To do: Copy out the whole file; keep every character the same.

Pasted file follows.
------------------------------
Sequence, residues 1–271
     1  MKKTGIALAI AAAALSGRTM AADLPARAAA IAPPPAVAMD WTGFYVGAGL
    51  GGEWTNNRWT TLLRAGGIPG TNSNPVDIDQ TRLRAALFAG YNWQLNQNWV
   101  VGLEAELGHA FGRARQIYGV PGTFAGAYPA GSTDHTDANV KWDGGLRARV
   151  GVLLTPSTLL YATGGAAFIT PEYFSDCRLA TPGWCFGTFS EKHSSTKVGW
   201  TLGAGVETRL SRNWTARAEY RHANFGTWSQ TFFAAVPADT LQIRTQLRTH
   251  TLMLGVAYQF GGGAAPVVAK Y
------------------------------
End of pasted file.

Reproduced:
Sequence, residues 1–271
     1  MKKTGIALAI AAAALSGRTM AADLPARAAA IAPPPAVAMD WTGFYVGAGL
    51  GGEWTNNRWT TLLRAGGIPG TNSNPVDIDQ TRLRAALFAG YNWQLNQNWV
   101  VGLEAELGHA FGRARQIYGV PGTFAGAYPA GSTDHTDANV KWDGGLRARV
   151  GVLLTPSTLL YATGGAAFIT PEYFSDCRLA TPGWCFGTFS EKHSSTKVGW
   201  TLGAGVETRL SRNWTARAEY RHANFGTWSQ TFFAAVPADT LQIRTQLRTH
   251  TLMLGVAYQF GGGAAPVVAK Y